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Experts call for green trade under the AfCFTA to tackle impacts of climate change

1 October, 2021
Experts call for green trade under the AfCFTA to tackle impacts of climate change

Geneva, 1 October 2021 (ECA) – Senior experts and high-level policy makers expressed confidence that the African Continental Free Trade Area (AfCFTA) can and should be implemented so as to maximize the achievement of environmental objectives through adoption of relevant environment-friendly policies and enforcement of environmental standards.

At a virtual session convened on the sidelines of the WTO Public Forum on 1 October 2021, the experts considered how AfCFTA implementation strategies can support the development of green and blue economy value chains and deliberated on the actions required by African policymakers and businesses to fully harness the AfCFTA and further the environmental agenda.

“The AfCFTA provided the continent with an opportunity to tackle climate change by supporting a shift in production patterns away from a reliance on extractives and commodities,” Mr. Stephen Karingi, Director of the Regional Integration and Trade Division at the Economic Commission for Africa (ECA), said.

Mr. Karingi underlined that his Division is preparing a Strategic Environmental Assessment (SEA) of the African Continental Free Trade Area (AfCFTA) to support how environmental considerations can be effectively incorporated into the implementation of the Agreement.

Mr. Karingi further noted that the ECA is assisting member states to develop their national AfCFTA implementation strategies with an environmental focus against the backdrop of the challenges of COVID-19 and climate change.

“In collaboration with the Overseas Development Institute (ODI) and the African Centre for Economic Transformation (ACET), ECA is launching a joint research programme that aims to understand and explain how climate change-related risks could alter the comparative advantages of individual countries, the resulting trade patterns across the continent, and its implications for infrastructure development”, Mr. Karingi stated.

Mr Karingi added that the research is expected to generate insights into how the AU Green Recovery Action Plan (GRAP) can be better aligned with AfCFTA implementation so as to put Africa on a more sustainable and resilient path of economic recovery.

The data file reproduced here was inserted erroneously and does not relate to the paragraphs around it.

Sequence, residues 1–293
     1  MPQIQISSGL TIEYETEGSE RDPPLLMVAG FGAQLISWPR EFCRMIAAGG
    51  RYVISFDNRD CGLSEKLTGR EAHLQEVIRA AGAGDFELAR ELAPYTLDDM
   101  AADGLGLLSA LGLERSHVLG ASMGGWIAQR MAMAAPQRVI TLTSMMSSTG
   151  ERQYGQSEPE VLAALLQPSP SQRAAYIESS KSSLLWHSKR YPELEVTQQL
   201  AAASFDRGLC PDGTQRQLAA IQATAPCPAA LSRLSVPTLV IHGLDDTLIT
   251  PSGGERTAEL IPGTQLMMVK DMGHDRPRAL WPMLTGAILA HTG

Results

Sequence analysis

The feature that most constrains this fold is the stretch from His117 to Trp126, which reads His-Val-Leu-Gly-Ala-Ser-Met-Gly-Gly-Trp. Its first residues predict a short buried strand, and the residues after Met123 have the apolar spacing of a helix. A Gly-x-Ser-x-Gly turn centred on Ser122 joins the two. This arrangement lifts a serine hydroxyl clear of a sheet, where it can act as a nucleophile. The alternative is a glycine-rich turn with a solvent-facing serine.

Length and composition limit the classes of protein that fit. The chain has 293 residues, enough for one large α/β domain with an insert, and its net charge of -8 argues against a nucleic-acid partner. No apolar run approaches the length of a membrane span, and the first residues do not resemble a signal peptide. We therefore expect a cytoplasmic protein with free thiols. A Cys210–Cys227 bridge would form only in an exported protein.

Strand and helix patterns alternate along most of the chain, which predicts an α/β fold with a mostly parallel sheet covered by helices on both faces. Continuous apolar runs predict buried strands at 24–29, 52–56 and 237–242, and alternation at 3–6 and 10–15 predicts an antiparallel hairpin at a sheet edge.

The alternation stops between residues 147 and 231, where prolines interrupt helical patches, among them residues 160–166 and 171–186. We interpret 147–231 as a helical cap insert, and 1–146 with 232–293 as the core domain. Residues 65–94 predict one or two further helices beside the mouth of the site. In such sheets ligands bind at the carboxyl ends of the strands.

Mr. Maximiliano Mendez-Parra, senior researcher at ODI, also emphasized that the promise of the AfCFTA goes beyond increasing trade flows, and indeed beyond economic issues, contributing significantly to Africa’s efforts for a green transformation.

“The AfCFTA will not only be climate compatible but it will potentially contribute to the effort towards greenhouse gas emission reduction,” Mr. Mendez-Parra opined.

On his part, Mr. Hermogène Nsengimana, Secretary General of the African Organization for Standardization (ARSO), stated that full and proper implementation of the AfCFTA requires standardization in the social, economic, and environmental spheres.

Advocating for the adoption of the EcoMark certification system as a tool for the AfCFTA implementation, Mr. Nsengimana said that launching such a scheme promotes the goal of the AfCFTA to deepen economic integration through the free movement of goods and services.

" Eco labeling standards are set for goods and services which meet environmental, societal, economic and legal standards, hereby enhancing the profile of African products and their potential to access markets", he said.

Panelists noted that enforcement of standards largely relies on industry driven (bottom up) certification, which is a cumbersome and expensive procedure. They cautioned that if firms find it expensive and difficult to navigate, they will forgo the benefits of the free trade area, thus undermining the foundational goals of the AfCFTA.

Speaking of building back better after Covid-19, Ms. Usha Chandnee Dwarka-Canabady, Permanent Representative of Mauritius to the United Nations Office in Geneva, noted that over 600 million people in Africa lack access to electricity and over 900 million have no access to clean cooking fuel.

“At this rate, about $70 billion worth of investments per year is needed to meet the continent’s energy needs,” Ms. Dwarka-Canabady said.  

“Leveraging of finances is an essential component of Africa’s transformation and in the context of AfCFTA implementation, supplying economies with affordable fuel is integral to supporting actions for building back better,” she added.

Finally, the panel deliberated on trade-related impacts of climate change and how trade provides the goods and services that can drive mitigation efforts, the challenges such efforts entail for the continent, but also the opportunities for promoting environment-friendly goods and services liberalization, harmonizing and strengthening environmental standards.

The virtual session, under the theme “Building resilient and sustainable regional and global value chains through the AfCFTA”, held on the sidelines of the WTO Public Forum which was held from 28 September to 01 October, was hosted by the ECA, ODI, the United Nations Environment Programme (UNEP) and the Forum on Trade, Environment and the SDGs (TESS).


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